Reporting from Freiburg – Language and Law in a World of Media, Globalisation and Social Conflicts

For this guest post, I am delighted to welcome Javier Moreno Rivero, who hails from UCLA (the University of California, Los Angeles). He has a special interest in legal translation, both in academic terms and in practice, with a particular focus on less common languages and migration, and is also the organiser of a highly successful event on jurilinguistics held in Seville last year.

In the report below, Javier shares with those of us who were unable to be there his personal view of the recent conference held in Freiburg, Germany. Over to you Javier!

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September is always a fresh month to start over with conference and training opportunities. From the 7th through the 9th, the relaunch of the International Language and Law Association (ILLA) took place in Freiburg with a conference entitled “Language and Law in a World of Media, Globalisation and Social Conflicts”, which gathered a number of leading scholars in both fields. Three days of intensive, yet unique, lectures and workshops on legal linguistics, law, language, and, of course, legal translation.

From the beginning of the conference, “interdisciplinarity” stood out as being needed and represented in the room to stimulate and address research methods in legal linguistics. The first session was opened by keynote speakers Professor Lawrence Solan (Brooklyn Law School, USA) and Professor Ruth Breeze (University of Navarra, Spain).

Solan took us on a fascinating journey through the development of legal linguistics in the United States: from Peter Tiersma, a pioneer in the study of the discipline in the early 90s, to current approaches in several US institutions. He discussed issues such as the language of judges and specific examples of the resolution of cases in which language had played a key role, and gave us a comprehensive list of the different scholars who have worked in law and language in the United States.

More recently, he mentioned the work that is being carried out at Brigham Young University (Utah) on the application of corpus linguistics to law, and he pointed out that more collaboration is needed to turn this methodology into empirical results.

After a vibrant conversation about the contribution of linguistics in the training of judges, Ruth Breeze discussed the practice of law across media. She showed how law is portrayed through diverse media sources (mostly on websites and blogs). On the one hand, she focused on a range of resources that were available for the settlement of small-claim disputes through videoconference systems, which “change the way communication happens in legal settings”. On the other hand, based on these interactions, Breeze pointed out that these data are of particular interest for discourse analysis research. In summary, she showed how law has evolved through media and how technology is being introduced little by little despite entrenched traditions.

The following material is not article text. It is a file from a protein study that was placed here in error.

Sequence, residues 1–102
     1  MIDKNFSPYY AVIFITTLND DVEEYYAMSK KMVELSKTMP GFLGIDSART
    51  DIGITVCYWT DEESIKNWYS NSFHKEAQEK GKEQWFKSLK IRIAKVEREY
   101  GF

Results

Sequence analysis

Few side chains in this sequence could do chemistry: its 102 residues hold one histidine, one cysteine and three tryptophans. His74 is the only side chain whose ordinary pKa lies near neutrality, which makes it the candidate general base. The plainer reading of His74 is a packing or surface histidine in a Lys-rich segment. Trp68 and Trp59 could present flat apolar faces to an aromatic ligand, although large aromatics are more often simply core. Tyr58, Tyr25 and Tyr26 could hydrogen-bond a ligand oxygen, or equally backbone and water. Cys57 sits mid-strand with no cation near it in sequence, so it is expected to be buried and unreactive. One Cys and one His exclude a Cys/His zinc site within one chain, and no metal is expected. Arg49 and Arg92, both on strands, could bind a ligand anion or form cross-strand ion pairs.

Of special interest to our profession were the two panels chaired by Łucja Biel (University of Warsaw, Poland) and Vilelmini Sosoni (Ionian University, Greece). Well-recognised in the field of legal translation, these scholars organized two of the most stimulating and thought-provoking panels of the conference.

The lectures took different perspectives: Jopek-Bosiacka (Warsaw) focused on legal theory and logic for quality in legal translation, with examples of errors resulting from a failure to use gender-neutral language in legal documents. Researchers from Birmingham Law School, Sophie Boyron and Aleksandra Cavoski, took the floor to discuss the importance of translation in two settings: while Boyron focused on particular examples of translation of constitutional French law, Cavoski described empirical research conducted on the challenges posed by the enlargements of the EU in Western Balkan countries. As she pointed out, “legal texts and legal languages are practically the same in these regions”, but it is still a major barrier in their accession to become Member States of the European Union.